Painting your pet's portrait is a fun but challenging project. This is especially true if you cat, dog (horse or rabbit etc) has solid black fur or hair.
What appears to be a solid black color is actually an illusion.
Look carefully at your subject in bright sunlight and you may see undertones of blue, purple or brown. This is especially true in afternoon light.
If you gently part the animal's fur and look at their underlying skin tones, you will see every shade from pale pink to silver-gray and white.
This under-tone plus the "temperature" (warmness or coolness of lighting) will contribute to what appears to be black fur.
Now we've done our field research; how does this information translate into an attractive, enjoyable painting?
Before you pick up pure black paint and use it to define the animal's coat, take a small amount of blue, purple or brown - based on your previous observation - and apply that color as an underpainting.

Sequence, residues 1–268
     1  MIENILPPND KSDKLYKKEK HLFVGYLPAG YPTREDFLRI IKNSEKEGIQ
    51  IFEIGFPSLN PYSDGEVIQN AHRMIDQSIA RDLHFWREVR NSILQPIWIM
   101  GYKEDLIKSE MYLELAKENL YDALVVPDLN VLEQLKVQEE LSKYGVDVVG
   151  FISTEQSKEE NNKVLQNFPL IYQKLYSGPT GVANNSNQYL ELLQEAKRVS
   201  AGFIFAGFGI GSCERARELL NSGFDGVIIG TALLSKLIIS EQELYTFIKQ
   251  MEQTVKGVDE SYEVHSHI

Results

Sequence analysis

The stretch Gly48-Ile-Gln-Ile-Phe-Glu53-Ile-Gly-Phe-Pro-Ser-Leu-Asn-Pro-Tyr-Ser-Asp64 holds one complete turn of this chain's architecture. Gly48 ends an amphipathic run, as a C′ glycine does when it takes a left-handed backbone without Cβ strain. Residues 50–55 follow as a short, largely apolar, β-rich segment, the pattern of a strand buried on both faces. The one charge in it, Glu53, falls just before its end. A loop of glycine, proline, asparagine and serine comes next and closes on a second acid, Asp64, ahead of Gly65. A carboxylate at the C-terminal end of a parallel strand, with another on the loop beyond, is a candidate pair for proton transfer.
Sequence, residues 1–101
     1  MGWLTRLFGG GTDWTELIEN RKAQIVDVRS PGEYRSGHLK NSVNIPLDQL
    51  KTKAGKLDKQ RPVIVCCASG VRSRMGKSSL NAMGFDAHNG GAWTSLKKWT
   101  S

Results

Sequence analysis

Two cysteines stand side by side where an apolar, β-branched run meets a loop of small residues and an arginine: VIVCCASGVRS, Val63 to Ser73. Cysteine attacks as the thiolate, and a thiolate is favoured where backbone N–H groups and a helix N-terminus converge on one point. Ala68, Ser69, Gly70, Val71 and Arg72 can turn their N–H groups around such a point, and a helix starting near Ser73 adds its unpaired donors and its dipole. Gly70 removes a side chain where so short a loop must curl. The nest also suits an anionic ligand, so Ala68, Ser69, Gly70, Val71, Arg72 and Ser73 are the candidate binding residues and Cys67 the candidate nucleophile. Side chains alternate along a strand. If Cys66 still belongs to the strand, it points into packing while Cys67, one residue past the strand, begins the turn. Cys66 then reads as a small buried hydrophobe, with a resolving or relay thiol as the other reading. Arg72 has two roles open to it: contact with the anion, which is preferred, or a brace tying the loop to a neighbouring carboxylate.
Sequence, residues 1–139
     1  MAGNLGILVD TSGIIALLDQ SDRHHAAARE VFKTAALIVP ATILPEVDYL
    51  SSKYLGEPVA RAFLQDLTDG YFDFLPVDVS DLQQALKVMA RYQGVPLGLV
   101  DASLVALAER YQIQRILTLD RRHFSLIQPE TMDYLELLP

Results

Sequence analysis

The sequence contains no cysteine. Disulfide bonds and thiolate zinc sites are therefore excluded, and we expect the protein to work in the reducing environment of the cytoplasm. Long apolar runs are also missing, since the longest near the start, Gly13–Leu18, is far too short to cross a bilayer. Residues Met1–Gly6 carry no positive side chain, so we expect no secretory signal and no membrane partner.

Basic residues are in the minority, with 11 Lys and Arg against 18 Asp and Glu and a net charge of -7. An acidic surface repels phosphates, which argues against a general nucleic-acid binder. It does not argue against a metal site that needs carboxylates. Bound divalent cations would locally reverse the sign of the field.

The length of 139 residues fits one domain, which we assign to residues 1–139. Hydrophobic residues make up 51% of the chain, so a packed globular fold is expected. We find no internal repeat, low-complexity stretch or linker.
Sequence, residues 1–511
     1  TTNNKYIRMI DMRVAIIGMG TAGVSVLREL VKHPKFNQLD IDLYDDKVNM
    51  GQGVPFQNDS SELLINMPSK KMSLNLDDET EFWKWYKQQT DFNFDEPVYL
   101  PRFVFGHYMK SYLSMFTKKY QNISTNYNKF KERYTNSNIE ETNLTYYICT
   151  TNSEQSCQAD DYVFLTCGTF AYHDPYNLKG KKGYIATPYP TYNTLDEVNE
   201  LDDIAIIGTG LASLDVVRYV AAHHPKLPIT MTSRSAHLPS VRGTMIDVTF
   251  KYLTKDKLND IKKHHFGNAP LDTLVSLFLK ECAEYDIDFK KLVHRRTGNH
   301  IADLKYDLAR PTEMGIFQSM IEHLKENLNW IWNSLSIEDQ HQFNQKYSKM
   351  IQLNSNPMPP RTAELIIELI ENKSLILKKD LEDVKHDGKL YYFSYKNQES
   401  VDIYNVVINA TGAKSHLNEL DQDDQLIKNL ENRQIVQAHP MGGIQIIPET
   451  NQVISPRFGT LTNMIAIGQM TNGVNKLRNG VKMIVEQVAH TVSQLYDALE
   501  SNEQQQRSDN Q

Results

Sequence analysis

Allow the underpainting to dry completely. Work on another part of the painting, such as background.
When underpainting is dry to the touch, go over it with black paint MIXED with a bit of the same color used in underpainting.
Don't try to totally cover the underpainting with the black mixture! Let some of the underpainting show through!
This method will work equally well with watercolor pigment or acrylic paint. (I've never tried it with oil paints, so I can't recomend that)
Just remember that a solid black pet is truly not solid black but a combination of undertones, fur and the prevailing light source.
Happy painting, happy eBaying!